Correlation and regression are statistical methods that describe the nature and strength of the relationship between two continuous quantitative variables. The possible scenarios for applying the analyses are innumerable. This article aims to explain when either method should be used, giving an everyday example.
The choice of the method, correlation vs regression analysis, depends primarily on the objectives of the study.
Application of Correlation Analysis
Basically, correlation analysis is a test for an association between two variables, X and Y. It may also prove a cause-and-effect relationship if variation in X causes variation in Y (or vice versa).
For example, organizers of conferences and other events may assume that the number of attendees correlates with the attendees’ satisfaction with an event. To prove or disprove this assumption, they need data about:
- attendance in the past several years;
- the levels of overall satisfaction with the conferences, e.g., based on follow-up surveys that organizers regularly collected.
Then, they draw a scatter diagram. Each dot plotted on the chart represents an event. The horizontal positions (X-axis) may indicate the number of attendees, and Y-axis — the respective levels of their satisfaction. The image below shows examples of possible data point distributions.
If the dots are spread randomly, it’s unlikely that attendance and satisfaction are related. A linear distribution pattern may be evidence of a connection. If you can draw a straight line by following the pattern, the correlation between attendance and satisfaction is strong. The inference is that variation in one may cause a change in the other, and vice versa.
Imagine the organizers have established a strong correlation and assume that the more people attend an event, the higher their satisfaction with it.
However, is it the main factor? Can organizers improve the outcomes in the future? Can they foresee the levels of attendee satisfaction based on this or other variables? Yes. It’s time for regression analysis.
Application of Linear Regression
Regression analysis implies that one variable (X) impacts another (Y). The average mathematical relationship between the dependent and independent variables helps estimate the outcome (Y) based on the known value of X. You can determine pretty confidently which factors (independent variables) matter and how much they matter, and even make predictions.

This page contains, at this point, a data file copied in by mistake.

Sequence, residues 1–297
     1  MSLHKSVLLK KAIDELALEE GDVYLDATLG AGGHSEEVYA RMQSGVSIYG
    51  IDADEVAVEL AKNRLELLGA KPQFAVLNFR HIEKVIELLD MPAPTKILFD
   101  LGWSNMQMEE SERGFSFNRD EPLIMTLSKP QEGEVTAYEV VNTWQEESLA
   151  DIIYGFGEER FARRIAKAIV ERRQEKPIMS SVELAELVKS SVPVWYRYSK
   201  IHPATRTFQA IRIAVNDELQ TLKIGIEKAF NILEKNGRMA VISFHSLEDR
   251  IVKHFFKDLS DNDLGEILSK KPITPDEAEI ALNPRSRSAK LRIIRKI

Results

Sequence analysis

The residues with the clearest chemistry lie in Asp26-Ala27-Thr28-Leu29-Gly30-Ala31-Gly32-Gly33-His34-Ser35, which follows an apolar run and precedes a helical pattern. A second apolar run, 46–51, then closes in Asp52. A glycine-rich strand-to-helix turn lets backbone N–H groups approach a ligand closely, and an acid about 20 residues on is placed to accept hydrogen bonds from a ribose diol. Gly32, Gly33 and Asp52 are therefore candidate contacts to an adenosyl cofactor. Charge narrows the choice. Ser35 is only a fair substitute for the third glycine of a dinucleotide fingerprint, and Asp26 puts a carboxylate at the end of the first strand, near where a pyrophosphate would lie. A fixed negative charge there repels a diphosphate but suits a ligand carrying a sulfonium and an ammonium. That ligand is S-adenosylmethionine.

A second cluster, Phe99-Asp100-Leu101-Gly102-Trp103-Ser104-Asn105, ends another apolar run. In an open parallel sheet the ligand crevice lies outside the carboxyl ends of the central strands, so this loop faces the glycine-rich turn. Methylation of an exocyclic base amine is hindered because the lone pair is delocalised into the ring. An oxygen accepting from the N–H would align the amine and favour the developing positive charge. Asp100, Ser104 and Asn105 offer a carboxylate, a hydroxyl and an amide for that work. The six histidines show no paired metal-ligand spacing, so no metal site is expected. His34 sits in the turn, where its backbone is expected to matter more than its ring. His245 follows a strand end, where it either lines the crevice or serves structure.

For example, conference organizers may assume that overall attendees’ satisfaction mainly depends on the topics covered, event budget, duration, catering services, registration fees, or other factors. Regression analysis should determine each one’s impact on the outcome. The results should help organizers identify necessary changes so as to satisfy more attendees next time.
Along with information about the attendees’ satisfaction with the events, they need exact data about each event (e.g., budget) or a sufficient set of feedback surveys with questions addressing independent variables. For example, they might be asking participants to evaluate the topics, food, and so on.
The organizers draw another scatter diagram and draw a line through the middle of all of the data points. This is the regression line which represents the relationship, e.g., between an event budget and the attendees’ satisfaction. A standard program like Microsoft Excel can draw it and provide a formula for the slope of the line, e.g., Y = 3 + 4X + error.
There’s an error term because the correlation model is not a precise predictor of dependent variables. For example, a conference budget is important for its success, but there are too many other factors contributing to the attendees’ satisfaction.
The next time a colleague claims that something is impacting the business negatively or positively, suggest performing a correlation analysis to test the hypothesis. Then, regression analysis will show how confident you should be about the relationship. Ideally, the study should help you improve future outcomes by changing one or more determining factors.
The resulting actionable insights can empower business people to make better-informed decisions, allocate resources more efficiently, improve customer satisfaction, and boost sales.